Pete MadisonOn a fighter sweep from Biak, Maj. Thomas McGuire led Hades Squadron over the harbor at Manokwari, Vogelkop. Spotting a small freighter, he ordered the Lightning’s down in a strafing run. When queried about releasing belly tanks, the Major replied in the negative. The freighter would take nothing to finish and the patrol could continue. His men complied.

A P- 38 encumbered with 165 gallon drop tanks was a fearsomely heavy thing that in combat had two disadvantages. A single tracer bullet hit in those gas-laden containers can turn an airplane into a fireball. Young lieutenant H. N. “Pete” Madison graphically discovered the second liability.

Rolling in on the freighter, Madison focused on its bridge, now covered in tiny winking flashes his API rounds. This ship grew larger in the lieutenant’s bullet proof windshield when he decided to pull out of his dive. As the pilot pulled back on the steering yoke, the Lightning shuttered and groaned as the tanks’ full weight fought the pullout. Furthermore, Madison was still on cruise control settings, engines nowhere near requisite power. Instead of its characteristic zooming climb the ship sank lower and lower, the Japanese freighter now blotting out his forward vision. As the P- 38 barely cleared the bridge, a mast surged into view and Madison braced for a crash.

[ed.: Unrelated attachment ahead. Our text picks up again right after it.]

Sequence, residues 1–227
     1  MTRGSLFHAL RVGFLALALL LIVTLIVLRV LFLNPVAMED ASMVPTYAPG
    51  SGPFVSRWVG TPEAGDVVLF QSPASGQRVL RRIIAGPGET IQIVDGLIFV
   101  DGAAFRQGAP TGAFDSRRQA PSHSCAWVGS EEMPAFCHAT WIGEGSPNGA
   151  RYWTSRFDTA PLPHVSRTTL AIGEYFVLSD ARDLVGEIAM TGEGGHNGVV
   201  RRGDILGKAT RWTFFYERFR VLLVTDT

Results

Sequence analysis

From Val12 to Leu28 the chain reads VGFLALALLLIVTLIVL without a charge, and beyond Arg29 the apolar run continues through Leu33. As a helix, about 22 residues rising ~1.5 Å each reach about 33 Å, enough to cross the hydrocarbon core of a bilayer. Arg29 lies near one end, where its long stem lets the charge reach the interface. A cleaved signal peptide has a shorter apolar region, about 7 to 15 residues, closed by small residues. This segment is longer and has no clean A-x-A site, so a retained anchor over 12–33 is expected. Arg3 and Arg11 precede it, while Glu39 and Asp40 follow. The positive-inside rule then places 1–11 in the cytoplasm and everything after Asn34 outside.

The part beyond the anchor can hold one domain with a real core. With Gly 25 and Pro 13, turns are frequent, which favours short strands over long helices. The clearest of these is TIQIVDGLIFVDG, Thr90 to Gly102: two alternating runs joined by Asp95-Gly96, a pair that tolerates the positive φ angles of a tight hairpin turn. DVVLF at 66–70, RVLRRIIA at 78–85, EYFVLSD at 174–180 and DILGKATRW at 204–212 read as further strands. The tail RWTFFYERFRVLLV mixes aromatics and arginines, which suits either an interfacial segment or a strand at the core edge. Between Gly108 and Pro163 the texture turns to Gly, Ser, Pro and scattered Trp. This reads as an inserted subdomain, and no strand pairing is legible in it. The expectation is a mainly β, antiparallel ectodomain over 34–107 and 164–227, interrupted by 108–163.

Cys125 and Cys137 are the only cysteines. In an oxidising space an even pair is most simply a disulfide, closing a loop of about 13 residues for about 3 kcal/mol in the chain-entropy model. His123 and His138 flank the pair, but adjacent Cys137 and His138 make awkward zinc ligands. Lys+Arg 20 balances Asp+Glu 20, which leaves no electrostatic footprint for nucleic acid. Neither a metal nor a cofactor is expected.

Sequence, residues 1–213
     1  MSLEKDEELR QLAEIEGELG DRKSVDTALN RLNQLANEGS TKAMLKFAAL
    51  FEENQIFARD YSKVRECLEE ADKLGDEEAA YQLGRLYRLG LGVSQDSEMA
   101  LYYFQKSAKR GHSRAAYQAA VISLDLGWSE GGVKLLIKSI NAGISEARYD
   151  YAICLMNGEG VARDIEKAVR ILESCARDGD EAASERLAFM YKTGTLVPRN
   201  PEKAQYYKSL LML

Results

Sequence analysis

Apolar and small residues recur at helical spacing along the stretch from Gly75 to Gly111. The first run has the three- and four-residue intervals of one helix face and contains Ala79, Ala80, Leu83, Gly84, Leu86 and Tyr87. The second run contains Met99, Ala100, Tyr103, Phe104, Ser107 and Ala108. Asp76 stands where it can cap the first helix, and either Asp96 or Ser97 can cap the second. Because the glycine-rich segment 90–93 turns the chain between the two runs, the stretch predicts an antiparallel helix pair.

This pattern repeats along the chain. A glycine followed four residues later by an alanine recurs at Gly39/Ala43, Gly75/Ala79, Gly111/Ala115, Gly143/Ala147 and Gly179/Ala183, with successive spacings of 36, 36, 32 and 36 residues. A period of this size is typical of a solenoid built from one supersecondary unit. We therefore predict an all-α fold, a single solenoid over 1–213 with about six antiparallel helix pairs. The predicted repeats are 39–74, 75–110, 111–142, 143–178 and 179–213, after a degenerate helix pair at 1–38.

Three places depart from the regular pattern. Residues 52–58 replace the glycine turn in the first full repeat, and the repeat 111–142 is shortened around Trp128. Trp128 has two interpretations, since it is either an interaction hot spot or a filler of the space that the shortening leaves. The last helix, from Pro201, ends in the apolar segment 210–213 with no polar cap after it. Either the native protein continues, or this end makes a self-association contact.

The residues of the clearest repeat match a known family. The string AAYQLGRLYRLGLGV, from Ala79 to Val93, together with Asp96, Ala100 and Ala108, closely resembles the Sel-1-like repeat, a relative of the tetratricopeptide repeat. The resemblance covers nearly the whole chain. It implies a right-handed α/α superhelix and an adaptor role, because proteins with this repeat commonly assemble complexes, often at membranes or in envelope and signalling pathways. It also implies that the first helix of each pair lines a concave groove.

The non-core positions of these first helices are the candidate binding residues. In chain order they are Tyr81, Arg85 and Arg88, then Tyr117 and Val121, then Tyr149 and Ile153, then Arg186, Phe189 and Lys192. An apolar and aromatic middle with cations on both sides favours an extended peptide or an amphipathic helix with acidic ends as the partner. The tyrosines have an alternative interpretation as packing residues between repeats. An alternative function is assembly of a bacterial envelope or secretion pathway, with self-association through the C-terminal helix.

Lt. Hal Grey Near His PlaneThe noise and impact stunned the lieutenant as the right engine grazed the mast, the propeller breaking free and smashing the cockpit, Plexiglas shards badly cutting his head. Slamming into the mass flipped the Lightning over as it cleared the ship. Despite the pain, Madison chopped power on his good engine, righted the craft, and set out for home.

Squadron mate Lieutenant Harold W. “Hal” Grey escorted Madison out of the target zone and at 300 feet above the ocean they flew towards Hollandia. Running low on gas, the wounded Lightning made a belly landing on recently captured Wadke Island. Seeing no one tumble out of the smoking craft Lt. James A. “Jim” Moreing landed and ran to the stunned Madison whom he found callable he filling out a form five, “Report on Aircraft Condition.” He had been lucky.

Pete Madison's Narrow Escape with DeathTaken from the book “Lightning Strikes”